Here on Earth

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A movie review by James Berardinelli



Here on Earth

DRAMA:

United States, 2000

U.S. Release Date:

2000-03-24

Running Length:

1:36

MPAA Classification:

PG-13 (Sexual Situations, Profanity)

Theatrical Aspect Ratio:

1.85:1

Cast:

Chris Klein, Leelee Sobieski, Josh Hartnett, Michael Rooker, Annie Corley, Bruce Greenwood, Annette O'Toole, Elaine Hendrix, Stuart Wilson

Director:

Mark Piznarski

Screenplay:

Michael Seitzman

Cinematography:

Michael D. O'Shea

Music:

Andrea Morricone

U.S. Distributor:

20th Century Fox

Subtitles:

none


Note to readers: this review contains spoilers. Those who wish to see Here On Earth without having previous knowledge of certain plot elements would do well to bail out now and return after they have seen the film.

They say that anything can happen in the movies, and Here On Earth gives several examples of it. A self-centered jock willingly gives his lifelong love to his rival. A girl dying of cancer suffers no pain or distress as the disease ravages her body. And, most incredibly of all, two teenagers show evidence of having memorized poetry. Thus does Here On Earth, a tearjerker for teens, strain our suspension of disbelief.

Credibility issues aside, the movie is not well written. Director Mark Piznarski (who cut his teeth on such TV shows as "Relativity" and "NYPD Blue") and screenwriter Michael Seitzman, both apparently having recently graduated from Melodrama 101, apply all the cliches they can uncover. You know things have entered the realm of the overly-familiar when you can predict whole segments of dialogue - that is, when those lines aren't howlingly laughable. The story centers around an uninspired love affair, then tries to develop dramatic power by employing traditional techniques of audience manipulation. In a way, I envy people who fall for this sort of thing, because at least they'll get something out of the movie, which is more than I can say for myself.

The early portions of Here On Earth are as drenched in testosterone as the later parts are in estrogen. Kelley Morse (Chris Klein) is a stuck-up senior at Rallston Academy, an exclusive boys' prep school set just outside of Hicksville, New York. One evening, Kelley and his buddies take a joyride into town, where they get into it with one of the locals, Jasper Arnold (Josh Hartnett), and his friends. An out-of-control car race ensues, ending with a crash and a local diner going up in flames. Kelley and Jasper are arrested and the judge sentences them to probation as long as they work for free with the employed crew to rebuild the diner, which is owned by the family of Jasper's girlfriend, Samantha (Leelee Sobieski). But when Sam spies Kelley without his shirt on, all thoughts of Jasper slip from her mind. Soon, the two of them are running through the woods together, staring vacantly at beautiful naturescapes, and reciting Robert Frost (my favorite poet, incidentally) to each other. But tragedy looms ahead, as Samantha becomes stricken with one of those mysterious cancers that only victimize attractive women in movies.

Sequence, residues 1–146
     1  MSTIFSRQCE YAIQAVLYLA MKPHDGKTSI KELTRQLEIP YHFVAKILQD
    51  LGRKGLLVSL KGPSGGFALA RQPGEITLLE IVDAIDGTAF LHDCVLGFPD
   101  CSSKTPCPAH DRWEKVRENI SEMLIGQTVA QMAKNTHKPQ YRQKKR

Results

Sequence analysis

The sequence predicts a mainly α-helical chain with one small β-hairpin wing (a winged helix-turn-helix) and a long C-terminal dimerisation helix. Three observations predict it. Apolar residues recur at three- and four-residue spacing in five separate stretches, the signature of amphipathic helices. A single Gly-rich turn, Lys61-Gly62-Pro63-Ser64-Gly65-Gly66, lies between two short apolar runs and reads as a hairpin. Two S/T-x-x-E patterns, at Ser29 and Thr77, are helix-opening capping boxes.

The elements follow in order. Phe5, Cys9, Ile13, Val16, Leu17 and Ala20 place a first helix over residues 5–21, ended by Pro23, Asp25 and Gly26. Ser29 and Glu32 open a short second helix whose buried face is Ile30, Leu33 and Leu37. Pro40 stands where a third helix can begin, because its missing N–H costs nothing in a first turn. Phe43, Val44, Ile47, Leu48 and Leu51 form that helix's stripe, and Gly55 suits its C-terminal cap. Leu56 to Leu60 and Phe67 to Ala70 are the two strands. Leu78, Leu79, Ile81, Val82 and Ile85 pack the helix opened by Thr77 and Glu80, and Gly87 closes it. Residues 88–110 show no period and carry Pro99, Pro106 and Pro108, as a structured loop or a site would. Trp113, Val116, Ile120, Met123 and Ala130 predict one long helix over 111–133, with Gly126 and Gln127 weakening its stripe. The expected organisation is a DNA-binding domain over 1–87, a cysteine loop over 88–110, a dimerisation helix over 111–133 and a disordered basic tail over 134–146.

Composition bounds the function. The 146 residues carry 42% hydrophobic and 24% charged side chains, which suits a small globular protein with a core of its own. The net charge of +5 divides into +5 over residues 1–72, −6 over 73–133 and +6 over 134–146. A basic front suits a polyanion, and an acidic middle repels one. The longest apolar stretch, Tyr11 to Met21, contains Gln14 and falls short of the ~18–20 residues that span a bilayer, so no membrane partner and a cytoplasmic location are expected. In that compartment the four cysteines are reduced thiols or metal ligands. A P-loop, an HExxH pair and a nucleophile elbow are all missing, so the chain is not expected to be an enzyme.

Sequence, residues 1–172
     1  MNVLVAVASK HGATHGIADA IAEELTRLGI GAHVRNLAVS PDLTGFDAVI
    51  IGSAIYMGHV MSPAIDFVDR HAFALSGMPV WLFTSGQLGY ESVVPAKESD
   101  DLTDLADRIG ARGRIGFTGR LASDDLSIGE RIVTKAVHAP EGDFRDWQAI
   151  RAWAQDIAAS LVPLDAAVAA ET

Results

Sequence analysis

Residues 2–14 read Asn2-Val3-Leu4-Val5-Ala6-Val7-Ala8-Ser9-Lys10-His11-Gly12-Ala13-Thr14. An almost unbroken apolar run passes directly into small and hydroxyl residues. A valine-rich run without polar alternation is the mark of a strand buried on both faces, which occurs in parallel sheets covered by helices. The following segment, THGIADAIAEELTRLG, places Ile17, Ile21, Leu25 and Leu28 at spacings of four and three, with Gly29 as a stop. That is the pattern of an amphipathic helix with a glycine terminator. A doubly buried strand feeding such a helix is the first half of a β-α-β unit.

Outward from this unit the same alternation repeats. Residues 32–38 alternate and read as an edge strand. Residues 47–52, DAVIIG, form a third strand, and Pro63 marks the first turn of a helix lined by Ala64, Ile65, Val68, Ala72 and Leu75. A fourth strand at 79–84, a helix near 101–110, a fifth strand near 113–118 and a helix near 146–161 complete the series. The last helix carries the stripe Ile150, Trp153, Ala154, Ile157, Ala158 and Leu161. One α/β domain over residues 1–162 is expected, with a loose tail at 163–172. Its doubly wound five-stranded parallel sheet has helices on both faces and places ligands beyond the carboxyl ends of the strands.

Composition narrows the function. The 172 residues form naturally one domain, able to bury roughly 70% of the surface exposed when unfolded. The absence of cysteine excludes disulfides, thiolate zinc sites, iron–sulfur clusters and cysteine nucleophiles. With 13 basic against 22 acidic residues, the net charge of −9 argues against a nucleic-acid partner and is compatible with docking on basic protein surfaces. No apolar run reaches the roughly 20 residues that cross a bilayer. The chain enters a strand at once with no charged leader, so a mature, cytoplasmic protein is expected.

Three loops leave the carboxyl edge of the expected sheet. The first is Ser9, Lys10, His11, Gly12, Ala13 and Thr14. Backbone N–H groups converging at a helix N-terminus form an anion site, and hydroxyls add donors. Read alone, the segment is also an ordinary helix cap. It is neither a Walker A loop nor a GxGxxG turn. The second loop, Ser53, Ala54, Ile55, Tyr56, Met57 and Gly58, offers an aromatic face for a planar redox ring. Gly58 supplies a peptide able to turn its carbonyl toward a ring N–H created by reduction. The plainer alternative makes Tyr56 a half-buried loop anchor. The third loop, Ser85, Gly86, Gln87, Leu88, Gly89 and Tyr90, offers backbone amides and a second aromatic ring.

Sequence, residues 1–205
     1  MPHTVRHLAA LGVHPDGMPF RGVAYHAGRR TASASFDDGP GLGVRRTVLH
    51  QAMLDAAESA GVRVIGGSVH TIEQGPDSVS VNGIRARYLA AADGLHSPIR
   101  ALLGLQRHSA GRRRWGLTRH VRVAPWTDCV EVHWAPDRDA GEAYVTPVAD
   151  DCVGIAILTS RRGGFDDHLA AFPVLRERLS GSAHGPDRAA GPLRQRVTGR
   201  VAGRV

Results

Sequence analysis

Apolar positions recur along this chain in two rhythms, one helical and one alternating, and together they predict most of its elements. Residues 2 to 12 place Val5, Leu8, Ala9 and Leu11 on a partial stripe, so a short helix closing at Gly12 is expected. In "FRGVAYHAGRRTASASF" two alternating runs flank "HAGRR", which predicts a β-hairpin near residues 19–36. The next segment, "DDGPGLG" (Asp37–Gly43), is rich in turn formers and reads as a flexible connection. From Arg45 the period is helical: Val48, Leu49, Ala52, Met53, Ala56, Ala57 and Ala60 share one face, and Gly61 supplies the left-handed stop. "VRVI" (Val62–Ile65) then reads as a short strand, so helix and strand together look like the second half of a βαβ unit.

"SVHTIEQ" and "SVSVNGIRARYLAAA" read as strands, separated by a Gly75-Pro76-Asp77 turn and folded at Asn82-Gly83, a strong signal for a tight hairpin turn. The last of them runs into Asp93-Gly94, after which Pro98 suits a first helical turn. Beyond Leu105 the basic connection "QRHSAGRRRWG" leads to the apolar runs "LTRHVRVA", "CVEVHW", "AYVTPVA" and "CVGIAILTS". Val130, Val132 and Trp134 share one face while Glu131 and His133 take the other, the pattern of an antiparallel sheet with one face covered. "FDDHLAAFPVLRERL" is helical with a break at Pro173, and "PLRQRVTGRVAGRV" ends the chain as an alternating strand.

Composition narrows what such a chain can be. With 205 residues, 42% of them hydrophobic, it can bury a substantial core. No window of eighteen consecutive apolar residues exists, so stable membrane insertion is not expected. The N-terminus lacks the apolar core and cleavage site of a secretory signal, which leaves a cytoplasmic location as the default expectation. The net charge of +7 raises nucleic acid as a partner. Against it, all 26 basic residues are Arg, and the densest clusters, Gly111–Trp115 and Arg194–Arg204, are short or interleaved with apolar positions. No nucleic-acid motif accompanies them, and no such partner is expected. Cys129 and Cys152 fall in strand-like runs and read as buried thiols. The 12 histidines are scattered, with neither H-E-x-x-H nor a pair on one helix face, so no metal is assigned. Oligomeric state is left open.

Since the characters are not written with any degree of depth or feeling, it's up to the actors to bring them to life. In that regard, Leelee Sobieski, a capable young actress who will almost certainly be cast as Helen Hunt's daughter in some upcoming film, is successful. Sobieski, who has appeared in A Soldier's Daughter Never Cries, Deep Impact, and Eyes Wide Shut on the big screen and as the title character in the made-for-TV production, Joan of Arc, is a genuine talent, and she does impressive things with this underwritten part. Unfortunately, her co-stars aren't up to the challenge. Josh Hartnett (H20) is flat and Chris Klein (American Pie) fails to convince us that his character is undergoing the uncaring snob-to-perfect guy transformation. His robotic performance is fine early in the film, but it doesn't get the job done later. The supporting cast includes Annette O'Toole, Michael Rooker (not playing a psycho for a change), and Canadian actor Bruce Greenwood. Greenwood gets to play a scene where he weeps uncontrollably over his daughter's fate. It's one of the movie's few moving moments, but this is probably because Greenwood has had practice. This is the third film in which he has portrayed a bereft parent (the other two being Atom Egoyan's masterpieces, Exotica and The Sweet Hereafter).

Ultimately, Here On Earth doesn't serve a purpose beyond giving melodramatically susceptible girls in the audience a chance to cry. Perhaps the filmmakers believe that, since it's aimed at a relatively young crowd (witness the "soft" PG-13 rating), they don't have to worry overmuch about things like a well-crafted story. And it doesn't matter if the males can act; they just have to look good with their shirts off. (Sobieski, by the way, keeps hers on, proving beyond a shadow of a doubt that this movie is not at all male-oriented. Although it is perhaps worth mentioning that one of the guys nicknames her breasts "New York" and "New Jersey".) It seems probable that when the final box office tallies come in, Here On Earth will be in a low orbit.





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